MIAMI (Feb. 7)
Leaders of Jewish community federations from around the country made a historic commitment Tuesday to join together to fund the resettlement of Soviet Jews in the United States and Israel.
At a special general assembly of the Council of Jewish Federations, representatives of 83 community federations overwhelmingly agreed to take on collectively one of the biggest fund-raising challenges that American Jewry has ever faced.
“Few of us were lucky enough to be part of the triumph of creating the State of Israel in 1948, and fewer of us were around to try and save European Jewry. But now we have that opportunity,” said Rabbi Brian Lurie, executive director of San Francisco’s Jewish Community Federation.
Lurie’s sentiments echoed those of many in the Miami conference hall who believe that the current wave of Soviet emigration represents a dual opportunity that comes once in a lifetime: the chance to rescue hundreds of thousands of Soviet Jews and the ability to infuse the State of Israel with an educated and motivated population.
It was in this atmosphere that the assembly voted to approve four resolutions implementing the principle of federations paying their “fair share” of resettlement costs.
The concept will apply not only to the $420 million goal of the United Jewish Appeal’s new Operation Exodus campaign for the absorption of Soviet Jews in Israel, but also to the estimated $40 million to $50 million that it will cost to settle the 40,000 Soviet Jews expected to come to the United States in the next year.
A COLLECTIVE ENTERPRISE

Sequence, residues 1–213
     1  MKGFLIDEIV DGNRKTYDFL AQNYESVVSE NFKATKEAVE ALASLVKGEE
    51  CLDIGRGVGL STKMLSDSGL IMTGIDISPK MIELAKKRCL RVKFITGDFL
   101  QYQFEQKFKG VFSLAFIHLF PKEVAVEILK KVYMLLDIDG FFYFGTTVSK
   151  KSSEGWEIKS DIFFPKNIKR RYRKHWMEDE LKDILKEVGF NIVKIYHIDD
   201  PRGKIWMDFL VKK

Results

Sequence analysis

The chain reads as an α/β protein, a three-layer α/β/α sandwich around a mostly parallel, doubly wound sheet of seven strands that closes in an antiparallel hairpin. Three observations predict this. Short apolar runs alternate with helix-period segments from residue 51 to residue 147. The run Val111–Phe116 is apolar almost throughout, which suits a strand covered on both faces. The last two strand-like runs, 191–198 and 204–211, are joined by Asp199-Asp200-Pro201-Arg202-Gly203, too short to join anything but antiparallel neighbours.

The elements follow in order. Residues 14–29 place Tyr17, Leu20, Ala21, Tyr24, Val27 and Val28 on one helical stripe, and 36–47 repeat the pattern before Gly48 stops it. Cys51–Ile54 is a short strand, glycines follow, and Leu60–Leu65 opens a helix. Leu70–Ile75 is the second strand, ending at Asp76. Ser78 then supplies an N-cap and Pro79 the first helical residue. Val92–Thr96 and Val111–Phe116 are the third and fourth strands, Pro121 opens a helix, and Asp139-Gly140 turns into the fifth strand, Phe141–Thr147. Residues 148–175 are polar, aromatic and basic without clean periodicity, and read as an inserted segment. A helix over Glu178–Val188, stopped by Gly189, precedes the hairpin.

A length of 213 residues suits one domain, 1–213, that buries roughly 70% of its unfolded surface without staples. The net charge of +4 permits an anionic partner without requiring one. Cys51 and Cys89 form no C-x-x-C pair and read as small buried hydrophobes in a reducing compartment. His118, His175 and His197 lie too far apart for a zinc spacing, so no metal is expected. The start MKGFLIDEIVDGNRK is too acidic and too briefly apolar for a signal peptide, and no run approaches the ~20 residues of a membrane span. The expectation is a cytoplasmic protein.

The decision to share the cost of domestic resettlement — as opposed to leaving individual American communities heavily impacted by the emigration wave to fend for themselves — was singled out for praise by CJF leadership.
For the first time, American Jewish communities have “finally accepted that they would help other communities pay some costs,” said Miriam Schneirov, president of the Federation of Jewish Agencies of Greater Philadelphia and a CJF vice president.
Schneirov co-chaired a special CJF panel on resettlement that came up with the proposals adopted Tuesday.
It was a giant step for the federation movement as a collective enterprise, as community federations have traditionally acted independently in handling domestic needs.
But while the federation leaders unanimously agreed that at this time of crisis, they need to pull together, there was disagreement over what constitutes a community’s “fair share.”
There was considerable debate over one of the resolutions, which stated that each community’s campaign achievement in 1988 would form the basis of its responsibility for Soviet Jewish resettlement.
Smaller federations that have raised relatively large sums of money for communities of their size complained that basing the formula strictly on past performance would, in effect, punish their communities for successful fund-raising in the past.
Led by the federations from Minneapolis and Columbus, Ohio, these communities banded together and proposed an amendment stating that the formula for domestic resettlement be based 50 percent on the 1988 campaign results and 50 percent on a Jewish community’s size relative to the national Jewish population.